Family : Iridaceae
Saffron (Crocus sativus) is
a bulbous perennial of the iris family (Iridaceae) treasured for
its golden-coloured, pungent stigmas, which are dried and used to
flavour and colour foods and as a dye. Saffron is named among the
sweet-smelling herbs in Song of Solomon 4:14. It has a strong, exotic
aroma and a bitter taste. A golden-coloured, water-soluble fabric
dye was distilled from saffron stigmas in India in ancient times.
Shortly after Buddha died, his priests made saffron the official
colour for their robes. The dye has been used for royal garments
in several cultures. As a perfume, saffron was strewn in Greek and
Roman halls, courts, theatres, and baths; it became especially associated
with the hetaerae, a professional class of Greek courtesans. The
streets of Rome were sprinkled with saffron when Nero made his entry
into the city. The name saffron comes from the Arabic za’faran,
which means yellow.
Believed native to the Mediterranean
area, Asia Minor, and Iran, the saffron crocus has long been cultivated
in Iran and Kashmir and is supposed to have been introduced into
Cathay by the Mongol invasion. It is mentioned in the Chinese materia
medica. In early times, however, the chief seat of cultivation was
in Cilicia, in Asia Minor. It was cultivated by the Arabs in Spain
about 961 and is mentioned in an English leechbook, or healing manual,
of the 10th century but may have disappeared from western Europe
until reintroduced by the crusaders. During various periods, saffron
has been worth much more than its weight in gold; it is still the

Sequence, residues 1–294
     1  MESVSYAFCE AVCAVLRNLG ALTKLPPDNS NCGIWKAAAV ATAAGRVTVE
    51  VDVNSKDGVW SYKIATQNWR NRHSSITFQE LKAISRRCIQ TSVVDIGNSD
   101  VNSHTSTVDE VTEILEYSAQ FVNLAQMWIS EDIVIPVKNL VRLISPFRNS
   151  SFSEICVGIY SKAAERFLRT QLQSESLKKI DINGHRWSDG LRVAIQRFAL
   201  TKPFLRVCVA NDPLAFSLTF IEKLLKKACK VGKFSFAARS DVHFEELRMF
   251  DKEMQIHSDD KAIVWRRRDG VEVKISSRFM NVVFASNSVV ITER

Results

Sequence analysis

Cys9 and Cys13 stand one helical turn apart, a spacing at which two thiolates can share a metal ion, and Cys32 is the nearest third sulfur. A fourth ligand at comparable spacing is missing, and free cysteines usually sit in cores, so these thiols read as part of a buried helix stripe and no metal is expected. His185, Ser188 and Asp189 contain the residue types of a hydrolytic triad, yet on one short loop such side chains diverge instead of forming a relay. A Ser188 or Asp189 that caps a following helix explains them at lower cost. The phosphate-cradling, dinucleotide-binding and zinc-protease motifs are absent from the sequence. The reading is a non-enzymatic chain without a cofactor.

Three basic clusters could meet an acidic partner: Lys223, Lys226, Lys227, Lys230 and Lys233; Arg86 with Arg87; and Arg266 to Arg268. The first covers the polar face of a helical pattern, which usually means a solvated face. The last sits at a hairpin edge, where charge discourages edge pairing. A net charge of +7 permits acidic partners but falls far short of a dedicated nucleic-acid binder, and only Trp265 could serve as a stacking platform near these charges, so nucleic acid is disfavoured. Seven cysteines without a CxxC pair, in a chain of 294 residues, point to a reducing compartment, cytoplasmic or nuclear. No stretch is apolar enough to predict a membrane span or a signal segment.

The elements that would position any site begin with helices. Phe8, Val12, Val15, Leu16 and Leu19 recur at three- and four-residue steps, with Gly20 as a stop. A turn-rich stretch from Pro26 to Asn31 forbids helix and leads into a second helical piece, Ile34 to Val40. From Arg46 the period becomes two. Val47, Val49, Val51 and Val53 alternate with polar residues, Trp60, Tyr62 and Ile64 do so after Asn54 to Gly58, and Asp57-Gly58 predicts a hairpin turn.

most expensive spice in the world. Saffron is cultivated chiefly
in Spain, France, Sicily, Italy (on the lower spurs of the Apennines
Range), and in Iran, and Kashmir.
Saffron is a bulbous, autumn-flowering,
perennial of the iris family. The flowers have three bright, orange-red
stigmas which are the true saffron. The three stigmas are handpicked
from each flower, spread on trays, and dried over charcoal fires
for use as a food flavouring and colouring. A pound (0.45 kilogram)
of saffron represents 75,000 blossoms. Saffron contains 0.5 to 1
percent essential oil, the principal component of which is picrocrocin.
The colouring matter is crocin.
Aroma and flavour
Saffron is used to colour and flavour
many Mediterranean and Oriental dishes, particularly rice and fish,
and English, Scandinavian, and Balkan breads. It is an important
ingredient in bouillabaisse.
Culinary, medicinal and other
This spice is also widely used in
sweet recipes like milky rice or vermicelli puddings and sweet custard-like
desserts from India. It flavors baked goods and is one of the ingredients
in the liqueur Chartreuse. It is used in sedatives, as an antispasmodic
and for flatulence. It is also used in perfumes